Table of Contents Author Guidelines Submit a Manuscript
BioMed Research International
Volume 2016, Article ID 4502846, 7 pages
Review Article

Cancer: An Oxidative Crosstalk between Solid Tumor Cells and Cancer Associated Fibroblasts

1Department of Public Health, University of Naples Federico II, 80131 Naples, Italy
2Department of Molecular Medicine and Medical Biotechnology, University of Naples Federico II, 80131 Naples, Italy

Received 27 May 2016; Accepted 13 July 2016

Academic Editor: Amit Budhraja

Copyright © 2016 Alessandro Arcucci et al. This is an open access article distributed under the Creative Commons Attribution License, which permits unrestricted use, distribution, and reproduction in any medium, provided the original work is properly cited.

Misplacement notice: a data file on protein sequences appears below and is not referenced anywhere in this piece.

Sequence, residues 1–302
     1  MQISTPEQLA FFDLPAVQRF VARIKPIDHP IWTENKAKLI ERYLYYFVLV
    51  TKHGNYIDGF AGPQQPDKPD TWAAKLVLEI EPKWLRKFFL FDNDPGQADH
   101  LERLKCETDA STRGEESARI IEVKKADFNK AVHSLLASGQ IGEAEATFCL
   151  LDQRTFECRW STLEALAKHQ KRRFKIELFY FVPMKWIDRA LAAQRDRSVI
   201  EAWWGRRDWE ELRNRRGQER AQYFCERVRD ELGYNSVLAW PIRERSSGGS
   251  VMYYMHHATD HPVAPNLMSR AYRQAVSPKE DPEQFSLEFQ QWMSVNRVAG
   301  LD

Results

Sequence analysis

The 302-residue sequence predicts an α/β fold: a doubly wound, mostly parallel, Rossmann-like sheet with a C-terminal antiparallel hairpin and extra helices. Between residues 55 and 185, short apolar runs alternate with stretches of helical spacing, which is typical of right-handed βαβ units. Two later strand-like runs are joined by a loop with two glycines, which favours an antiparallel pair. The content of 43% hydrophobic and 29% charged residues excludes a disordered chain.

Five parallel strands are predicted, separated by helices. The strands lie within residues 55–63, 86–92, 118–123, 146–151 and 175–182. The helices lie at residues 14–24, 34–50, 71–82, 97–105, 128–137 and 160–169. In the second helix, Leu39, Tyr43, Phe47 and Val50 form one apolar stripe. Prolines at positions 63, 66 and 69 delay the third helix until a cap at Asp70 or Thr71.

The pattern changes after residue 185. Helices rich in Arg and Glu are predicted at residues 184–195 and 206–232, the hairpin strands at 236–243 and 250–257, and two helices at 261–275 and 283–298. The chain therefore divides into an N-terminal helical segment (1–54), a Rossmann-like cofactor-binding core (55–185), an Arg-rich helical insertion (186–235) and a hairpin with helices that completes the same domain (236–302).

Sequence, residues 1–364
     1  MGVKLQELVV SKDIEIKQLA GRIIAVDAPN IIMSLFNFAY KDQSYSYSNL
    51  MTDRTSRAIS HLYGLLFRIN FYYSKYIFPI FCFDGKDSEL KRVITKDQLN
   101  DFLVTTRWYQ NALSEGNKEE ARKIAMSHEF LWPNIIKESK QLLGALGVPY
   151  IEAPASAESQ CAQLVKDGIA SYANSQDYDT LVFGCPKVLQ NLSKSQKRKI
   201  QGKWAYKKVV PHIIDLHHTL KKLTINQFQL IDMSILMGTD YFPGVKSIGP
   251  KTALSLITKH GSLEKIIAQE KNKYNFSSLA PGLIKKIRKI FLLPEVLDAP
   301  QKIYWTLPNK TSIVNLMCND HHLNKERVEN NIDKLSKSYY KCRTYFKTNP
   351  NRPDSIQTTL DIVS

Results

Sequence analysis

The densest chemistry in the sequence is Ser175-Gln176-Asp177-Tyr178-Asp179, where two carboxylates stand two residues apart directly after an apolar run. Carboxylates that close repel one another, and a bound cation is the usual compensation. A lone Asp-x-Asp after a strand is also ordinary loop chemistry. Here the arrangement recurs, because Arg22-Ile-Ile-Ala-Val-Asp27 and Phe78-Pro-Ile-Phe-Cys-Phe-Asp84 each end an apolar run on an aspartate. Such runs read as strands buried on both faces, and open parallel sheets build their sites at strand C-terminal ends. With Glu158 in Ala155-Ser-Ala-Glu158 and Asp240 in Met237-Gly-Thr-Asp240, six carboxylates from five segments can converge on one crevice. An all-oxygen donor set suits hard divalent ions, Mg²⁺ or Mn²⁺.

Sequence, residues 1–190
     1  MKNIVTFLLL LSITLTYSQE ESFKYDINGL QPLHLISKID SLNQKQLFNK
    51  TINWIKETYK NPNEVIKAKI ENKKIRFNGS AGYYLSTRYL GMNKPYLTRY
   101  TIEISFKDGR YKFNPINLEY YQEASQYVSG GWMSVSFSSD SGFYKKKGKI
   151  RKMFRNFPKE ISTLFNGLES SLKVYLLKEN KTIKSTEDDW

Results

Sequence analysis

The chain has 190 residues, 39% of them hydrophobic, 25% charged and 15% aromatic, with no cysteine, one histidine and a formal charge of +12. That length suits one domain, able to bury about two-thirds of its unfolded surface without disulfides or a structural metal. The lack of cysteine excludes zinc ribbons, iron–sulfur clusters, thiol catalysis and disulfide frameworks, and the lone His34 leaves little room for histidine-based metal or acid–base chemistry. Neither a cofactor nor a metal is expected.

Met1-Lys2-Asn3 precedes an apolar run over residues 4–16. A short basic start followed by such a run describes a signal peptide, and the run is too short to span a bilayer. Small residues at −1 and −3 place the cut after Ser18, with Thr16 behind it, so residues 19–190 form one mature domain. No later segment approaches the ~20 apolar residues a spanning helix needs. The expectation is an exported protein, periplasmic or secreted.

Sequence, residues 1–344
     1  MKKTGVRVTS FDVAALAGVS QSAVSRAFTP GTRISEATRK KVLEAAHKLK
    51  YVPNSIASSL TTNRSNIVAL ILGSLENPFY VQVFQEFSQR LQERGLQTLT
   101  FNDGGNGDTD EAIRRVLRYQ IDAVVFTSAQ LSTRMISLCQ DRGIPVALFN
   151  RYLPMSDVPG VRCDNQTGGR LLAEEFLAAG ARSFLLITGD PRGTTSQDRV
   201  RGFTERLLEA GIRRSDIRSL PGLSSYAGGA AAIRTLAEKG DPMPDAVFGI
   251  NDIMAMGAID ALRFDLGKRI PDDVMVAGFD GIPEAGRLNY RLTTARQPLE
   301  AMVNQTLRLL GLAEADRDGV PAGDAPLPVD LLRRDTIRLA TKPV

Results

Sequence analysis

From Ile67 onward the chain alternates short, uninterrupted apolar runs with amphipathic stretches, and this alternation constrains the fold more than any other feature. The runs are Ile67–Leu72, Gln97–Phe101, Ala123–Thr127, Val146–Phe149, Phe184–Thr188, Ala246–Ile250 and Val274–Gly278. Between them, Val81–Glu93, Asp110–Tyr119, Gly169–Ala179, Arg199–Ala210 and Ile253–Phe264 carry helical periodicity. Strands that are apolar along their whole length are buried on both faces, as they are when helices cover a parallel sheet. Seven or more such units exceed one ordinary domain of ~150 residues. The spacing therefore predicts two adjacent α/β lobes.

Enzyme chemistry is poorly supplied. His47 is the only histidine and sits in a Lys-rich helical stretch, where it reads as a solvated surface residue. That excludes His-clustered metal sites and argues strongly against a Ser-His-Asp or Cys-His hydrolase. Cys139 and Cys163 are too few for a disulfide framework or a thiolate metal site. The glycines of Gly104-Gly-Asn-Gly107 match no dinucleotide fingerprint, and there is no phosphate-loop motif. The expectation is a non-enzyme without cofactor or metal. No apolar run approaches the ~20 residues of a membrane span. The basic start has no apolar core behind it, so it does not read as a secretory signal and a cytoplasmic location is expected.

Redox balance is associated with the regulation of several cell signalling pathways and functions. In fact, under physiological conditions, cells maintain a balance between oxidant and antioxidant systems, and reactive oxygen species (ROS) can act as second messengers to regulate cell proliferation, cell death, and other physiological processes. Cancer tissues usually contain higher levels of ROS than normal tissues, and this ROS overproduction is associated with tumor development. Neoplastic tissues are very heterogeneous systems, composed of tumor cells and microenvironment that has a critical role in tumor progression. Cancer associated fibroblasts (CAFs) represent the main cell type of tumor microenvironment, and they contribute to tumor growth by undergoing an irreversible activation process. It is known that ROS can be transferred from cancer cells to fibroblasts. In particular, ROS affect the behaviour of CAFs by promoting the conversion of fibroblasts to myofibroblasts that support tumor progression and dissemination. Furthermore, the wrecking of redox homeostasis in cancer cells and tumor microenvironment induces a metabolic reprogramming in tumor cells and cancer associated fibroblasts, giving advantage to cancer growth. This review describes the role of ROS in tumor growth, by focusing on CAFs activation and metabolic interactions between cancer cells and stromal fibroblasts.